10The relation between individuals and objects varies then according to the age of the individuals and to their place in space and society and is configured on a case-by-case basis according to the relative size of the object, i.e., its order of magnitude. According to Simondon, it is precisely ‘according to orders of magnitude of the object that this relation has to be studied’ (12).
11Infants, for example, intervene clumsily on what surrounds them because they relate to an object that is perceived as greater than them, a “complex and constant”, enduring world of objects that is somehow difficult to handle. With the growth of individuals, their relationships with people and objects change, and the world appears gradually smaller. During their growth, in fact, a new psycho-social “situation” (20), that Simondon defines as the instance of the acquisition of a system of objects (21), comes to describe the novel point of view assumed by individuals in relation to the world. From this more mature point of view, objects appear richer, as consisting of multiple dimensions and offering different possible uses. Occupying a new psycho-social situation as a novel point of view, individuals assume a new perspective on the material world and re-situate themselves in relation to it.
12The development that leads to this change in perspective causes somatic and mental changes. The latter are produced not only by the individual’s biological growth, but also by the culture-induced classification of objects. The individual doesn’t change point of view and perspective exclusively because of its status of development then, but also because of the web of relations of which he is part, as an object among other objects. Once the individual reaches the psychosocial situation of the adult, the world of objects doesn’t appear as a unicum anymore, nor as a “fixed system”, but as a system composed by interconnected and mobile parts whose alteration can disclose useful energy (24).
13When the individual reaches the psychosocial situation that corresponds to a renewed point of view, he assumes a new perspective over this world of objects, and the latter appears as composed of a series of objects culturally classified among which he can orient himself and on which he can intervene. The possibility of acting on the world is dependent on the proportions between the individual and the objects that surround him, that ‘varies according to the distance that separates them’ (12). The distance of which Simondon is speaking can be shortened by technology, whose mediatory character allows to access “distant” magnitudes and to intervene on the infinitesimally small or big. For this reason, the first essay will conclude by establishing the importance of technical mediation in the discourse on the relation between men and the object.
14Simondon’s world of objects is then characterised a system of related magnitudes, whose relation to individuals is disciplined by cultural frameworks and alterable by the use of instruments. In his perspective, the greater the difference between the sizes of the individual and of the object, the greater is the role of tools that support the observation or the manipulation of the latter. The individual himself is an object among others whose perspective is influenced by the status of the system of relations of which it is part.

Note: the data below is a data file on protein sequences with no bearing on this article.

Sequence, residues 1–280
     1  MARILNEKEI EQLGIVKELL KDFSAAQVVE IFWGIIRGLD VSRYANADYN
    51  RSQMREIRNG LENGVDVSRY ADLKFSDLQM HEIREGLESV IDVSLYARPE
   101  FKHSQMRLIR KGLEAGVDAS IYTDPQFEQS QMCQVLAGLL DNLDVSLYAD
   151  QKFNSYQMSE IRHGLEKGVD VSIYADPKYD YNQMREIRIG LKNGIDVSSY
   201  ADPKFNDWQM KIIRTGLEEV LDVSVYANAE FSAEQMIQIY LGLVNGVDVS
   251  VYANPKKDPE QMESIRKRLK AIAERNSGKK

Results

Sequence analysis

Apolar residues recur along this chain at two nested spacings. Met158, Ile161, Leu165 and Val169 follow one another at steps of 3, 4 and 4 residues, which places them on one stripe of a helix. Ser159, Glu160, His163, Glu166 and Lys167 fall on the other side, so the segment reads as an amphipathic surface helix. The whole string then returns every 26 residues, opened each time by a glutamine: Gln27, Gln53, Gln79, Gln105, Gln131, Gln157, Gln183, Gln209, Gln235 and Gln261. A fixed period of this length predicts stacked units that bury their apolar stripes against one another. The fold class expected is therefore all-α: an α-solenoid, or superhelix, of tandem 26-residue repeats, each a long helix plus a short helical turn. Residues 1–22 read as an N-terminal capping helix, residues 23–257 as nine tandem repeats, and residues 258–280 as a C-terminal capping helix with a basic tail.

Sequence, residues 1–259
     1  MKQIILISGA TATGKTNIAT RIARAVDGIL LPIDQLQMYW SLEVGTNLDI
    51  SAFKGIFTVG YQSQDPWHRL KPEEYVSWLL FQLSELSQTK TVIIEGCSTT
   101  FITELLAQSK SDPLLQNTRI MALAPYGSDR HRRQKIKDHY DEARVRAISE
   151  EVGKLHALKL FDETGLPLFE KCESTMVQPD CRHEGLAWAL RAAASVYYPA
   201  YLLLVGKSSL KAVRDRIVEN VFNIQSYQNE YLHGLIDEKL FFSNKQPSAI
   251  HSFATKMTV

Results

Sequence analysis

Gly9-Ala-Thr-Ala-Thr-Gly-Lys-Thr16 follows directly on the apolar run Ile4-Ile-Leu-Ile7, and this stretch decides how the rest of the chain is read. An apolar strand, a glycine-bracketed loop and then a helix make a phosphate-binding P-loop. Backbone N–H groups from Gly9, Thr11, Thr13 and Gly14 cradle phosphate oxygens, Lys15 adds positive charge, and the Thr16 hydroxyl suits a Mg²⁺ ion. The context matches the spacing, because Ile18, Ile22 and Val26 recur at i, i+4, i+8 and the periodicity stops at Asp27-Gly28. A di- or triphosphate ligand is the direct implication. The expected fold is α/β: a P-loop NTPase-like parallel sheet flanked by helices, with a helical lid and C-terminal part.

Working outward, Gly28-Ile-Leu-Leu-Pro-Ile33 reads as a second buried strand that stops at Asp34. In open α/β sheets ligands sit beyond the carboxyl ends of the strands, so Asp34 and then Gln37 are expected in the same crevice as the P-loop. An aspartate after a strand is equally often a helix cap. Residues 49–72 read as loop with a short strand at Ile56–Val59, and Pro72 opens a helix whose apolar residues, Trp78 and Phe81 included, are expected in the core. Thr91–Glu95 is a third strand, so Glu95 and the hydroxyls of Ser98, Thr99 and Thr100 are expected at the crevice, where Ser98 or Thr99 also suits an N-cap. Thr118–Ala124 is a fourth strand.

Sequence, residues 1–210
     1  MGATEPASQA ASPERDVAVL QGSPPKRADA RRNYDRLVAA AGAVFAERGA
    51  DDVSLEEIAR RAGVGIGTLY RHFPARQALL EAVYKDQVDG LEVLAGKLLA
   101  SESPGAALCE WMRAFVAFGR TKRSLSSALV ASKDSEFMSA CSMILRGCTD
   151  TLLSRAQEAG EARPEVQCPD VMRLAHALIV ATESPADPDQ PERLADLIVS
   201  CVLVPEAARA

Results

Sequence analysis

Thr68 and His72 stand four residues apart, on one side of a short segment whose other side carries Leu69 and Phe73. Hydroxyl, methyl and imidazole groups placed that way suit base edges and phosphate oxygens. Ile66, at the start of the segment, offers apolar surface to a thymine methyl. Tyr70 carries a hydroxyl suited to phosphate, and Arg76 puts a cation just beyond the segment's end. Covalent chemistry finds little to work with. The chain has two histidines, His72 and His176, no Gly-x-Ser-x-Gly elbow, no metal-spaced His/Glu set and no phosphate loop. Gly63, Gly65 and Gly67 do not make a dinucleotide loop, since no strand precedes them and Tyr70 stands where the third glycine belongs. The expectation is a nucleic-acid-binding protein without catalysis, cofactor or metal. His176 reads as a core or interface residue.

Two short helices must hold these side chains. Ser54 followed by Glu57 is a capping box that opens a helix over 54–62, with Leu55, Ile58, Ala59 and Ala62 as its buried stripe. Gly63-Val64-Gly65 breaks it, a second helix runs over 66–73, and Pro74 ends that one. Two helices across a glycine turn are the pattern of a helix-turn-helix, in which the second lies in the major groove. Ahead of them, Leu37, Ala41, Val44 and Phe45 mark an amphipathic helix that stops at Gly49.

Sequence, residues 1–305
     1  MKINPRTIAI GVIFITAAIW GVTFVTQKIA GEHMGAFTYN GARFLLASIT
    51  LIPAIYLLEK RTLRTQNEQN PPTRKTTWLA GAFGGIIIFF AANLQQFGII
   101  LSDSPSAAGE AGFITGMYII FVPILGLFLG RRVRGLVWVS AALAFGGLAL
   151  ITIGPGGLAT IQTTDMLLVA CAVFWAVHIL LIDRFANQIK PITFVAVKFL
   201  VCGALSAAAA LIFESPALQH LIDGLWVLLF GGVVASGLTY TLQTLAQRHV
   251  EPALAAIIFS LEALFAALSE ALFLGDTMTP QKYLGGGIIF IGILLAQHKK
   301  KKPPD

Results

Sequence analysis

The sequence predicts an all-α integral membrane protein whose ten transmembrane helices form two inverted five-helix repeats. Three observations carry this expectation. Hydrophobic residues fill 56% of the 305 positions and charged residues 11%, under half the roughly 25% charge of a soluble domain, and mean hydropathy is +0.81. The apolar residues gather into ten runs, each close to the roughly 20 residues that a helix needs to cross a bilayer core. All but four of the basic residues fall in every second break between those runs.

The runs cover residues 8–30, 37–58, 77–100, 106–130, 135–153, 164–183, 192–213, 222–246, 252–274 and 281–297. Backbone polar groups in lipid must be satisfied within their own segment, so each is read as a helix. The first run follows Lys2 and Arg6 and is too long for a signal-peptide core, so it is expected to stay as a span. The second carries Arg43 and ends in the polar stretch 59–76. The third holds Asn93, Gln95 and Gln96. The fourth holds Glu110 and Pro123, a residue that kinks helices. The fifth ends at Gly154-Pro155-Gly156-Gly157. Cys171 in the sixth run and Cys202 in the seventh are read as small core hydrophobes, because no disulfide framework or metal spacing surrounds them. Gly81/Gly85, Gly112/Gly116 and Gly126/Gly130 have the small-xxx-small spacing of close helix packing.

15The second half of L’homme et l’objet is devoted to the consideration of the principal types of objects and to the perceptive relation with the extremely small or extremely big ones. In his classification, Simondon reserves a special place to tools, defined here as objects related to the definite actions that they allow, included the acquisition of information. With this characterization on the background, the author specifies that ‘technics are not necessarily a reconstruction of the natural through materials or different assemblages [and that] they can consist in an interweaving of natural objects of different categories’ (23). The possibility to encounter or produce couplings among different types of objects is connected to an interesting rethinking of the primacy of the solid in the general reflection on matter. On this topic, Simondon claims that objects can comport different states of matter and even include voids. Indeed, he explains, objects are not always “full”, and ‘an object may not be everywhere materialized and have real or apparent voids. The real void is a space without function in the object. The apparent void is a medium of transmission’ (23).
16The discourse on transmission media and apparent voids brings about the notion of milieu, characterised as an object of a special class. According to Simondon, what he defines as “enveloping objects” have the property to influence the reciprocal relations of the objects that they contain, and can easily go unnoticed, “become invisible”, despite the importance of their effect on what they contain. The author specifies that the milieu is an object too, specifically because ‘it intervenes in the phenomenon. The position of the object is part of the object because it designates its potential energy’ (24). According to this view, the surroundings of an object not only act on the individual, influencing his perspective, but determine the state of the object itself, that “appears” because of the stability of its conditions. It is this stability, although relative because ‘situated between two orders of magnitude unstable or metastable’ (24), that makes possible to speak about objects in general. In Simondon’s account then, the milieu represents one of the most relevant parts of the coordinate reference system that shapes the relation between individuals and objects, and determines various effects of constancy, but also clichés and stereotypes, which influence the perception of objects.